Skip main navigation

‘From geek to chic’: Supply chain opportunities for data analysts

‘Boring is the new sexy’: Supply chain opportunities for data analysts

Physics and maths may not be everyone’s cup of tea but if you are looking to be at the forefront of data analytics, they are a great spring board.

I am not sure if it is the advent of the cyber-physical age, an increase in cautiousness post Global Economic Crisis (GEC) but the last 8 – 10 years have seen the rise of the ‘geek’. Historically the term was a slang term used in a slightly derogatory way to describe eccentric or non-mainstream people. Now it is used much more affectionately to refer to someone who is an expert or enthusiast, usually in an intellectually complex topic. Maths and Physics are intellectually demanding subjects, and as the TV series ‘The Big Bang Theory’ illustrates, they are commonly associated with the more traditional view of the ‘geek’.

Not anymore. The data driven economy, and need for data analytic solutions is creating the need for a new breed of data analysts. These influential, well remunerated, and often coveted roles are primarily filled by those with a maths or physics background. The first advances in analytics solutions have been in the financial services and marketing domains. It is algorithms that support financial traders to such an extent, that it is arguable if they will be required in the future. Such data driven approaches are starting to permeate the supply chain, and the last 5 years have seen an increased need for supply chain analytic experts.

In her role profile video, Christine McNeill (Head of Client Engagement, Concentra) provides some insight on her pathway to becoming a supply chain data analyst. With a background in physics, she moved onto a career in general management with BOC. Having moved around the company a lot both in terms of function and location, Chris was able to identify that she had a real love for logistics, building on her mathematical expertise. She used these skills to conduct different types of logistics network modelling, network optimisation, a transferable skill set that enabled her to move to Petrofina.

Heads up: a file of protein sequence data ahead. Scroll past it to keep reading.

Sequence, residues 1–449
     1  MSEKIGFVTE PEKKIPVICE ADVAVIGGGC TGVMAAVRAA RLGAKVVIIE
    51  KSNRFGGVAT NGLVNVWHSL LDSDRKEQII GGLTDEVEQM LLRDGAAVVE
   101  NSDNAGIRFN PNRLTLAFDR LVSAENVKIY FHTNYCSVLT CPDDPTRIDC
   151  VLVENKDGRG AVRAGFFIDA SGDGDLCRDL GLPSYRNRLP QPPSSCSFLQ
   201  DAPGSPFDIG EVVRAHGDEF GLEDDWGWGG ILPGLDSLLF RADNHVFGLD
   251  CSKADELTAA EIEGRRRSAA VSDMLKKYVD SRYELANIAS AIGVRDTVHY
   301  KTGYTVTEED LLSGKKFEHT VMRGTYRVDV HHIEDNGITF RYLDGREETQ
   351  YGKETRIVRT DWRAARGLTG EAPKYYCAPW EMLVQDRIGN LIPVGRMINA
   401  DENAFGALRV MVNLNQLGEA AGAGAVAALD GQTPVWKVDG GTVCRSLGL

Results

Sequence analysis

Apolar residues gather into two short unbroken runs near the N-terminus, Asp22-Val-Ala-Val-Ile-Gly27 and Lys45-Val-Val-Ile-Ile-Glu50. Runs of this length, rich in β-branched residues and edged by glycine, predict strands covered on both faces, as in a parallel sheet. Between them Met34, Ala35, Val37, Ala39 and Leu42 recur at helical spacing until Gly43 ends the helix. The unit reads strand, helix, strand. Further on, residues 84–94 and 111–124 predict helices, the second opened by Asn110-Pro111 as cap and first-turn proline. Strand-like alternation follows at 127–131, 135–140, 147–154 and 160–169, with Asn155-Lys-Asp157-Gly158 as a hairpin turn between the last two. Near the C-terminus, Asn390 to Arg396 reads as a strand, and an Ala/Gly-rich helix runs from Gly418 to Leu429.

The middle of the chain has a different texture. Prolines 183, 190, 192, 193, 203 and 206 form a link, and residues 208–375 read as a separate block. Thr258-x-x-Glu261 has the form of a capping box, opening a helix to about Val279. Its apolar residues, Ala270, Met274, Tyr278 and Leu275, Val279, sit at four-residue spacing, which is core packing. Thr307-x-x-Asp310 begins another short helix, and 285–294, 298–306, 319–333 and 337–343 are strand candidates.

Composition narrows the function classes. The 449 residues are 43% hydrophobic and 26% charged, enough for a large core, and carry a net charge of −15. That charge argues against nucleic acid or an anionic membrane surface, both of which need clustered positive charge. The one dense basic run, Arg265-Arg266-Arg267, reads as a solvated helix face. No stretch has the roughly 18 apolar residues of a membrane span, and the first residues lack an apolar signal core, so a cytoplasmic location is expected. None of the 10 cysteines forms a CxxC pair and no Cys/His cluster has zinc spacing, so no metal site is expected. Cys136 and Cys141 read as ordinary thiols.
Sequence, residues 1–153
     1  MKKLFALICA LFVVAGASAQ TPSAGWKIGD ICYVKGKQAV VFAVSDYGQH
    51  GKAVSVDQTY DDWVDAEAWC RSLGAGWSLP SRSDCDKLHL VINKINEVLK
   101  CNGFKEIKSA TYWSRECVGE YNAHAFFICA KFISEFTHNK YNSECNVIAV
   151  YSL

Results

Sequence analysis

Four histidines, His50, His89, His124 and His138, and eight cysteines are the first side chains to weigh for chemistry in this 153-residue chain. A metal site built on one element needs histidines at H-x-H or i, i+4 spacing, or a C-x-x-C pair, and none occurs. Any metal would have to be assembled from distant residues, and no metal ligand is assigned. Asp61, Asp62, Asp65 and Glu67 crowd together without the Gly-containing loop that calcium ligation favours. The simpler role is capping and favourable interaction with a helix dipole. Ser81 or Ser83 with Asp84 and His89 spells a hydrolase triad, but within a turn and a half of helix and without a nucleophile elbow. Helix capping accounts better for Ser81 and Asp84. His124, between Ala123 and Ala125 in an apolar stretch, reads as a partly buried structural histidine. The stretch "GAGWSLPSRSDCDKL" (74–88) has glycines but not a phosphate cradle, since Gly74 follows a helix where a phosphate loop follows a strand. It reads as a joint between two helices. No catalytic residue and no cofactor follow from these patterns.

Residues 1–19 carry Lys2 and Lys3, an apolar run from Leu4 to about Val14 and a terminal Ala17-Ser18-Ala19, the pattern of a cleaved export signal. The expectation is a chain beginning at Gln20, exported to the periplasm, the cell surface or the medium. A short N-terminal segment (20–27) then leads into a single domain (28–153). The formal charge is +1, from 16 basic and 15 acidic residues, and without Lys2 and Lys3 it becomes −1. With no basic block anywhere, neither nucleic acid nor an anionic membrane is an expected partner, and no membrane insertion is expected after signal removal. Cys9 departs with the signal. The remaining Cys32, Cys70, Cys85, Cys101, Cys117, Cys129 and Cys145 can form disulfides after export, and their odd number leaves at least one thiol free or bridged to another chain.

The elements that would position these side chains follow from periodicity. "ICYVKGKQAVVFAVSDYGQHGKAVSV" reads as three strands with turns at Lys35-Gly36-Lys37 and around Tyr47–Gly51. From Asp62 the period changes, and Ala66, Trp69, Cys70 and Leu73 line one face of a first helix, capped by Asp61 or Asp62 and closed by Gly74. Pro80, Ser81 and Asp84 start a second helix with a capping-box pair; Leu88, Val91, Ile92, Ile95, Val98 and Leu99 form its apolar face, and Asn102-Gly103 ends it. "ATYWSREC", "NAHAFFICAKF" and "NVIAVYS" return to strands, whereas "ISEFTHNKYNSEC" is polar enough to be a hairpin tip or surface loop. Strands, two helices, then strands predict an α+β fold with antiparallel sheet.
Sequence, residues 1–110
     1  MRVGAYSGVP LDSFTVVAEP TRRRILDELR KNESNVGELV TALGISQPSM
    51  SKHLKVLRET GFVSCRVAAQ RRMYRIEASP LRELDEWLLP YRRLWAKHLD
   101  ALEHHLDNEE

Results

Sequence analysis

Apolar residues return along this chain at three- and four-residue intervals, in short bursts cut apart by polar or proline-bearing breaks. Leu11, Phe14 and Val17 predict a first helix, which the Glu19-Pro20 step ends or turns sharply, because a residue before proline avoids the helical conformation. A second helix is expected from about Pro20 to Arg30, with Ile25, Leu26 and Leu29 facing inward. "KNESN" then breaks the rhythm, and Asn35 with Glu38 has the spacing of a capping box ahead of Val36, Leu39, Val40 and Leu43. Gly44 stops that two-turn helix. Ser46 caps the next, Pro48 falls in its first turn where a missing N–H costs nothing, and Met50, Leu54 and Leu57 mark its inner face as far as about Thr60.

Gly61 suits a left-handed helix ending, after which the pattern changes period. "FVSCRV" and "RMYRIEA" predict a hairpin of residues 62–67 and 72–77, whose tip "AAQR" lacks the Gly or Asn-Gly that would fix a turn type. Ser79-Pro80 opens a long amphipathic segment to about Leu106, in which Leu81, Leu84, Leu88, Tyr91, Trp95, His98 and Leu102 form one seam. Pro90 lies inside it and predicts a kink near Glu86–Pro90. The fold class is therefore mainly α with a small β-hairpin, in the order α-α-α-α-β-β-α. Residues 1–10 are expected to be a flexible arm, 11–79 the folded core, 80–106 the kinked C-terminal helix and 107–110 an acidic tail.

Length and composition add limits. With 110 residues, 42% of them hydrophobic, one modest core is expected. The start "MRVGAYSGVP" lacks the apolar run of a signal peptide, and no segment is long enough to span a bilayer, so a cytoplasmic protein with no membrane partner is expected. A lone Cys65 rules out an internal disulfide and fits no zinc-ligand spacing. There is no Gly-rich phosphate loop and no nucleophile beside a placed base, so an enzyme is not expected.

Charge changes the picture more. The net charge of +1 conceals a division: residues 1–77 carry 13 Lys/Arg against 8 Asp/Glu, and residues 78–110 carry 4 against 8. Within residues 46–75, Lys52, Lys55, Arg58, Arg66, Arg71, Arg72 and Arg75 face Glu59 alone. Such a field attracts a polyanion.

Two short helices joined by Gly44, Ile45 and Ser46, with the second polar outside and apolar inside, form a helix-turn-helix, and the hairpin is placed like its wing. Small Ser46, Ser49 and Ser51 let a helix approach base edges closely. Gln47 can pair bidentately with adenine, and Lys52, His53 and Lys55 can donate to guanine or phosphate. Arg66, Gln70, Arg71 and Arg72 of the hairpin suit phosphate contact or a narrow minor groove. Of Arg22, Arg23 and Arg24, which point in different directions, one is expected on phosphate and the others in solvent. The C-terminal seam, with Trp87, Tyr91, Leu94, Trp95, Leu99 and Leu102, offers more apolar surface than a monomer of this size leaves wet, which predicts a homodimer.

Wishing to continue to absorb as much knowledge as possible, Chris decided to move to Accenture to get some consultancy experience. This gave her experience in Fast Moving Consumer Goods (FMCG) and retail which provided a segue way into a role at BAT. This was a pivotal moment in her career as Chris moved into the supply chain planning domain. This really opened Chris’s eyes to the art of the possible in terms of more data driven approaches to planning. Given her considerable expertise Chris was headhunted to join Concentra where her combined supply chain and analytics skills are high valued and put to good use.

Talking point

  • What type of skills make a good data analyst?
  • What are the similarities and differences between a SC data analyst and financial data analysts?
  • What other types of degree / training other than maths and physics could be a useful foundation for a career in supply chain analytics?
This article is from the free online

Supply Chains in Practice: How Things Get to You

Created by
FutureLearn - Learning For Life

Reach your personal and professional goals

Unlock access to hundreds of expert online courses and degrees from top universities and educators to gain accredited qualifications and professional CV-building certificates.

Join over 18 million learners to launch, switch or build upon your career, all at your own pace, across a wide range of topic areas.

Start Learning now